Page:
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Tennessee Women Suffering from Increased Lung Cancer Death Rates

A new study shows an increase in lung cancer deaths among Tennessee women who began smoking in the 1960s and 70s. Researchers point out women smokers became much more socially acceptable during that era.

The study is published in the Journal of Clinical Oncology, and it showed that lung cancer deaths among Tennessee white women born in 1933 were 50% higher than those born in the 1950s and 60s.

The study was limited to white women because there wasn’t enough data to include other racial or ethnic groups.

A medical oncologist told the Tennessean newspaper lung cancer is now the number one cause of cancer deaths among women, outpacing even breast cancer.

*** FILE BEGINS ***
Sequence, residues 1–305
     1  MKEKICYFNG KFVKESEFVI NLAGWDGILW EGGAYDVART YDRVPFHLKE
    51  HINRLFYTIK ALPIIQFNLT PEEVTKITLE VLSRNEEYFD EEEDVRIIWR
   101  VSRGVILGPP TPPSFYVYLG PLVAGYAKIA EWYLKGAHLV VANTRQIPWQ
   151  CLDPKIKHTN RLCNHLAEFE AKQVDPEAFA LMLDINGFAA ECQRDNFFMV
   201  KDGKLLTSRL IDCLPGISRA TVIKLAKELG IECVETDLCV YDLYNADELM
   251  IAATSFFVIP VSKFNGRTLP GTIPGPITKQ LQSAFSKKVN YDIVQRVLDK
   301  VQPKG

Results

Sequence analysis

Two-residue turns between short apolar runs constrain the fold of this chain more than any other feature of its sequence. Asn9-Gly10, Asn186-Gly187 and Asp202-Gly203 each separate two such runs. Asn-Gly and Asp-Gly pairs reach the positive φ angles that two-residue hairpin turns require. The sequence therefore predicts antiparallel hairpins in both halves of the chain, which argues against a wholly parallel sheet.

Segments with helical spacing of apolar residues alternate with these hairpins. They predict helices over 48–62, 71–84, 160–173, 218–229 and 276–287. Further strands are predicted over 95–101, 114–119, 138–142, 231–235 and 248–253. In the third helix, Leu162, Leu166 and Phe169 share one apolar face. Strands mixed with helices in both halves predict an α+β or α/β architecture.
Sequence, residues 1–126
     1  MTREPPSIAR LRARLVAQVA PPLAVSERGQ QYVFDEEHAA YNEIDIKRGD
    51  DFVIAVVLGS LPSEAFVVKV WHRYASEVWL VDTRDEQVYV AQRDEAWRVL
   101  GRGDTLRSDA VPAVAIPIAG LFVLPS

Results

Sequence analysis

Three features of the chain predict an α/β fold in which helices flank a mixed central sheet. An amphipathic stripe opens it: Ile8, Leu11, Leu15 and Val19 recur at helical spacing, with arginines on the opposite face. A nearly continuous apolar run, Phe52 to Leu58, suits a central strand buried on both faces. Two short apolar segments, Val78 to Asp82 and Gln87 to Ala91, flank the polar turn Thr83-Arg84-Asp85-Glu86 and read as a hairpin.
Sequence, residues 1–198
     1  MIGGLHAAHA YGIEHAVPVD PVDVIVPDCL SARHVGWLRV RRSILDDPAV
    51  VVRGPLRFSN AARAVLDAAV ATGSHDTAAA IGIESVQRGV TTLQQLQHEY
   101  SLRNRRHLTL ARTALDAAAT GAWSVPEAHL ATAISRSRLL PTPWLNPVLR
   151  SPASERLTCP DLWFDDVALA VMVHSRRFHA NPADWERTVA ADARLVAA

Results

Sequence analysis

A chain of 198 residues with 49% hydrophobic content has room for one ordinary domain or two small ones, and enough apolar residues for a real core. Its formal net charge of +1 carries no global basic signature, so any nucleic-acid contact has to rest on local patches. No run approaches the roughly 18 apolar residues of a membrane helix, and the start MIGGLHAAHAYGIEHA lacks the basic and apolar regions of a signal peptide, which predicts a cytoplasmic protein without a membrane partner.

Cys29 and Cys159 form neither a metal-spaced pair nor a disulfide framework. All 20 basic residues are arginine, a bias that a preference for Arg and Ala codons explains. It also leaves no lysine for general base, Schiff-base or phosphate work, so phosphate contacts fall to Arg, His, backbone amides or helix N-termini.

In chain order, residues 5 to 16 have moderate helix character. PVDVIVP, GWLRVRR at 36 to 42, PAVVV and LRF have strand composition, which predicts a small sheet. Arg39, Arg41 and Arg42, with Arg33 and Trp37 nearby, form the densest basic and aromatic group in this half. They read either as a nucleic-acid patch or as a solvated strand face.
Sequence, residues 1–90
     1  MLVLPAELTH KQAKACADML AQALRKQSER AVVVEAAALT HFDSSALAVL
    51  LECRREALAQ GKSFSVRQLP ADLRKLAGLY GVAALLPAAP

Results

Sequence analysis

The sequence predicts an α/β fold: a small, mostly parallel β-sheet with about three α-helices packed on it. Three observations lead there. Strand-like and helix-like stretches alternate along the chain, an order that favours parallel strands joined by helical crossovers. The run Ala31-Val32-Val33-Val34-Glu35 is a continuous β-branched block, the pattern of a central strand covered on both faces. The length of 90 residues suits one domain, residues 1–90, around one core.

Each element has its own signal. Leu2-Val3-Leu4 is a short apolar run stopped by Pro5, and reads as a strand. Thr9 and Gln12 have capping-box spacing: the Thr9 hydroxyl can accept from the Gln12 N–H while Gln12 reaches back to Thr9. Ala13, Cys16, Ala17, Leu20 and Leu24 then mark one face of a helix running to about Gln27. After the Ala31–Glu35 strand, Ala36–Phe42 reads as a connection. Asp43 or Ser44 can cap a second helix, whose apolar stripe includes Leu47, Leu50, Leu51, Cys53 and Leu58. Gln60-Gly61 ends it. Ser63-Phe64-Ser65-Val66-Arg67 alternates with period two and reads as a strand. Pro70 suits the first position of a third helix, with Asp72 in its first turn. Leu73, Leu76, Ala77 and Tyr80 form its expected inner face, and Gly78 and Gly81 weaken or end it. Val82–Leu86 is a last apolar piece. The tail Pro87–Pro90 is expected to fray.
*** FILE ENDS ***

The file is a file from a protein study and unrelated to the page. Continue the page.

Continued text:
The study found that southern states suffered higher rates of female lung cancer deaths that the rest of nation. Researchers credit states like California with having higher tobacco taxes and stricter anti-smoking policies than are found in the south.

Kevin is the News Director at WKU Public Radio. He has been with the station since 1999, and was previously the Assistant News Director, and also served as local host of Morning Edition.
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